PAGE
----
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I have a TOSHIBA Satellite Laptop which has 2GB RAM and an Intel Core 2 Duo CPU, T5750 2GHz.

I am considering buying an additional 8GB RAM for the machine. I have little knowledge about hardware and am not sure if 8GB ram will fit the machine or not.

What should I do?

At the most basic level, do you think that it will affect my computer positively at all if I put new RAM in it? I'm considering at least 4GB but would look at 8GB if it will certainly give better performance.

The machine is currently running Windows Vista 32-bit - I plan to purchase Windows 7 Home Premium this month. Would I be able to install the 64-bit edition on this machine and it would take advantage of 8GB of RAM?

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Whats your OS? 32 bit os's are unable to address over 4gb natively. –  Kyle May 17 '11 at 19:34
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@Kyle: Incorrect. PAE will allow a 32-bit OS to access the memory, at a small performance cost. –  Ignacio Vazquez-Abrams May 17 '11 at 19:37
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@tugberk - It would help to post the model number of the system. Do you see something like "M300-HF8" on a sticker on the back? If that is your model (by chance), you're limited to 4 Gb crucial.com/upgrade/compatible-memory-for/Toshiba/… –  variant May 17 '11 at 19:40
    
@ignacio I knew someone was going to come along and say that! which is why I specified natively meaning with 32bit registers (yes with extend registers it will allow more) However I have not seen anyway to over come this limitation in XP. –  Kyle May 17 '11 at 19:44
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As I wrote in my answers comments below - Sorry, your laptop will NOT be able to support 8GBs, I saw the model number you wrote above and tracked it down as a Satellite A300-1J1, this has a GM965 Chipset, and from Intel's specifications, it states that the maximum amount of supported memory is 4GBs –  William Hilsum May 17 '11 at 20:52
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5 Answers

up vote 10 down vote accepted

To begin with, to use that amount of memory, you need to have a 64-bit Operating system.

Next, I would check the chipset of your laptop's motherboard (can usually be seen at startup, usually one letter and two numbers. Then look up the specification. I can't comment for certain, but a lot of laptops of Core 2 age don't support more than 4GB of memory.

edit -- update

Sorry, your laptop will NOT be able to support 8GBs, I saw the model number you wrote above and tracked it down as a Satellite A300-1J1, this has a GM965 Chipset, and from Intel's specifications, it states that the maximum amount of supported memory is 4GBs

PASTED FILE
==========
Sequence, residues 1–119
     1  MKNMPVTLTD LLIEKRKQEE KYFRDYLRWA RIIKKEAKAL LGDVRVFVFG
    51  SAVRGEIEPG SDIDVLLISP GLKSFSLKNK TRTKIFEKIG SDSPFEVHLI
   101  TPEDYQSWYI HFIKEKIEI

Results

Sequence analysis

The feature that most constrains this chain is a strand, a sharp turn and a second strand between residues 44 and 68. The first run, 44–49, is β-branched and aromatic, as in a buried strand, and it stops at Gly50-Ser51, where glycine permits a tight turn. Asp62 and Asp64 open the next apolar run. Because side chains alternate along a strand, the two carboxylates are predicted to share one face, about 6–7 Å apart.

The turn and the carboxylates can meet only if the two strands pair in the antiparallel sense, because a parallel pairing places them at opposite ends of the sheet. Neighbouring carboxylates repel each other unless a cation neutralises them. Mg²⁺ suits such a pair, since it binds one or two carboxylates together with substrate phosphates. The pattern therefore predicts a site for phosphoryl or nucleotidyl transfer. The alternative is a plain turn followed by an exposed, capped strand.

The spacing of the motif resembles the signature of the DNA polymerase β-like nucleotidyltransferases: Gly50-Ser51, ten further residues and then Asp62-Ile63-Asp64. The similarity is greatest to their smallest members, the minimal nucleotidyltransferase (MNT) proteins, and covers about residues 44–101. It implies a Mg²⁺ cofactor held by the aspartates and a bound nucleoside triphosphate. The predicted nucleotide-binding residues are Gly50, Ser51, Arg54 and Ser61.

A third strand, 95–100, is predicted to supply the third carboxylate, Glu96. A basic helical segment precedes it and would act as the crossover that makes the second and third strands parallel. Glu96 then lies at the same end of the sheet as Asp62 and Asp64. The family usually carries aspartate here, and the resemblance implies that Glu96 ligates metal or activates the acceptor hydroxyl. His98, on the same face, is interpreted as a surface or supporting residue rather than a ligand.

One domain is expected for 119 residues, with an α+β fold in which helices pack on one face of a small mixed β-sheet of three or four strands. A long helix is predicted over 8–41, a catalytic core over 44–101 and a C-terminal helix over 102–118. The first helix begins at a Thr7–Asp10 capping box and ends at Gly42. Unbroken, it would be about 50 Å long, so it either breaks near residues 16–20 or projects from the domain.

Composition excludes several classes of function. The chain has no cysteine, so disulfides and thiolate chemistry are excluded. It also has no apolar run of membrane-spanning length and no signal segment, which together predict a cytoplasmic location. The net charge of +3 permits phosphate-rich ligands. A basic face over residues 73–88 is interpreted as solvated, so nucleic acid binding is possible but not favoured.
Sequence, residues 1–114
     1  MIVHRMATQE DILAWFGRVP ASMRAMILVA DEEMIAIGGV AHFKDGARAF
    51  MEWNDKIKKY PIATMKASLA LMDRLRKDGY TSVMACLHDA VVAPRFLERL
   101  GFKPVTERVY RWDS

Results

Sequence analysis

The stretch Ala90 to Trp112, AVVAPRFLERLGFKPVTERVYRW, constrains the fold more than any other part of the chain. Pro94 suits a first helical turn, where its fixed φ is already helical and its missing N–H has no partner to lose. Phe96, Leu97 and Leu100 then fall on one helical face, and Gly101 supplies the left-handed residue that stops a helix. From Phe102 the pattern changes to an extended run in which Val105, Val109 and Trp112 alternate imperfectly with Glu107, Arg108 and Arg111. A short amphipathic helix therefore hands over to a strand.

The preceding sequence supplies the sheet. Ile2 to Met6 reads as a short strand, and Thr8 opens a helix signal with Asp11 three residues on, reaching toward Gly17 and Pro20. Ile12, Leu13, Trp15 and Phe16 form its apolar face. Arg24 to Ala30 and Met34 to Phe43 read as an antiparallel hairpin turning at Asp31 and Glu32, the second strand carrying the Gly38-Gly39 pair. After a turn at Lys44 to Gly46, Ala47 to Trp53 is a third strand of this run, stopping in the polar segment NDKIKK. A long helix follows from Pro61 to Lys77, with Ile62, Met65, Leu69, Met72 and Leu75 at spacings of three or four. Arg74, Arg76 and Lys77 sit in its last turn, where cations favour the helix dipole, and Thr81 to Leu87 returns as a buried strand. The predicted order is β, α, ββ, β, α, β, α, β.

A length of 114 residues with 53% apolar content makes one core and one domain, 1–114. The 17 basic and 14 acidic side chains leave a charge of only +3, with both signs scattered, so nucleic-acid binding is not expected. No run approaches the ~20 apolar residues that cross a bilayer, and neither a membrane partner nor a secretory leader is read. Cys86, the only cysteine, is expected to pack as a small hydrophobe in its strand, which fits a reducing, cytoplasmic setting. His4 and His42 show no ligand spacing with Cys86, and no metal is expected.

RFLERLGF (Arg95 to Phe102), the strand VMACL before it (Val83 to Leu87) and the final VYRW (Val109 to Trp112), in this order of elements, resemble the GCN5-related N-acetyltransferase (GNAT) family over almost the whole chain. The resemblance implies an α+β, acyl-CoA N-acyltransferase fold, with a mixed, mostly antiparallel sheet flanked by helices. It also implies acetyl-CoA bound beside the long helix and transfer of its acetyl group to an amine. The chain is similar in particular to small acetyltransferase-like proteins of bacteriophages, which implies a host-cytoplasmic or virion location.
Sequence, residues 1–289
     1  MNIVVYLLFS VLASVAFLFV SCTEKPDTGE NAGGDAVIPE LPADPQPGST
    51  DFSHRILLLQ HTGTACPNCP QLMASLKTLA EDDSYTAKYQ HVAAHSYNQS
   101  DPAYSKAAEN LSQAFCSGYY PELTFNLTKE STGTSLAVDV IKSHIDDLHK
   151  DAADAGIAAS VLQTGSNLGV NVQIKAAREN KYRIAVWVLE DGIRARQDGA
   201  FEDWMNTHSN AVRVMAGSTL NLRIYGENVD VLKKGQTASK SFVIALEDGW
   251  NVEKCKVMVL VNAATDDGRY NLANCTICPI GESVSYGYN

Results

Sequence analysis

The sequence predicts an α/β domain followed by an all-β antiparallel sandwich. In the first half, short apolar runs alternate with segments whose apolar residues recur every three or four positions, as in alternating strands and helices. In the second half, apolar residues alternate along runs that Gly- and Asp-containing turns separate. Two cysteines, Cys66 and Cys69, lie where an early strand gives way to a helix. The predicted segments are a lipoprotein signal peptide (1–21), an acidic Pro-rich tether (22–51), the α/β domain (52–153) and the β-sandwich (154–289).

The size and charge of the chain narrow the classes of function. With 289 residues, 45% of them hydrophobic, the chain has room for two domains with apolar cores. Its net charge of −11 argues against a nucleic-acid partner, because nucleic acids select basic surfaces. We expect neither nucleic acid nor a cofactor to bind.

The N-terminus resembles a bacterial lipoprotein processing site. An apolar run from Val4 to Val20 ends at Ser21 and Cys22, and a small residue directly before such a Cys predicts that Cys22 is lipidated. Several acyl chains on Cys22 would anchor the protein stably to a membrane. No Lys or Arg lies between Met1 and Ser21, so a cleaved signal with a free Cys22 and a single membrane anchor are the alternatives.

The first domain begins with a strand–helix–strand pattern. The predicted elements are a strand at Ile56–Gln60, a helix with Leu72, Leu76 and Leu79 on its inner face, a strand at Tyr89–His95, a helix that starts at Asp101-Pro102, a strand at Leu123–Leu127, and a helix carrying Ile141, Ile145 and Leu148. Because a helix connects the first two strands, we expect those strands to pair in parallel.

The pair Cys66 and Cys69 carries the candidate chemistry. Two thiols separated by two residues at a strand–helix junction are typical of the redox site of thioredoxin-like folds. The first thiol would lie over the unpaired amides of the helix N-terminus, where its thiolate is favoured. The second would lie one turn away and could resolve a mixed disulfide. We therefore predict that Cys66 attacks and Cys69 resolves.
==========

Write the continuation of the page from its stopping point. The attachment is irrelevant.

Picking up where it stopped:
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that machine is currently on 32bit windows vista. I'll purchase a Windows 7 Home Premium within this month, so I am thinking to install 64bit version of it. but not sure if I can do that? can I do that on that machine and put a new 8 GB memory? –  tugberk May 17 '11 at 20:34
    
Sure you can do that - You will not be able to do an in place upgrade though. Anyway, that aside, I am still not sure if your laptop will actually support 8GB, as I said, you really need to check your chipset. –  William Hilsum May 17 '11 at 20:50
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Sorry, your laptop will NOT be able to support 8GBs, I saw the model number you wrote above and tracked it down as a Satellite A300-1J1, this has a GM965 Chipset, and from Intel's specifications, it states that the maximum amount of supported memory is 4GBs –  William Hilsum May 17 '11 at 20:52
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You are using a Core2Duo, which, while not that old, will be more of a bottleneck for you than just going to 4gb of memory. Dont go 8gb, you wont be happy.

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With a 32-bit OS, depending on your video card, 3.2-3.5 GB is the max amount of RAM you can even use.. Buying more would be adding expensive paper-weights to your machine.

Until you get a 64-bit OS, don't even think about getting 8 GB. Even then, there isn't anything a normal user would do that needs more than 4 GB.

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To find out how much memory would be useful as an upgrade with a 64bit OS you need to know how much you use. To find out what that number is keep task manager open while you're using your system. On the performance tab the number you need to watch is Pagefile. This is confusingly named, but the left number is the total amount of physical + virtual memory your computer is using, the right number is the maximum available. Ignore the number with the memory graph above it's not the value you need to care about (it doesn't count stuff that's been swapped to your HD). After you upgrade to win64 and install more memory you want to have enough physical ram that you never need to use the swapfile (vritual memory).

If your computer consistently stays below 3GB of memory there's no need to buy more than 4gb unless you expect your memory usage to go up significantly in the future. If you cross the 4gb line then an 8gb upgrade will definitely be beneficial. Between 3 and 4gb is marginal. There's no immediate benefit, but new versions of software typically need more memory than the versions they replace so your memory use will gradually increase. I'd lean towards getting 8gb to be future proof, but if you're not planning to keep the system for more than a year only buying 4 probably isn't a big risk.

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If your laptop in fact does not support 8 GB as someone wrote, I would rather buy an SSD. This is the best investment you can make in speed up your PC.

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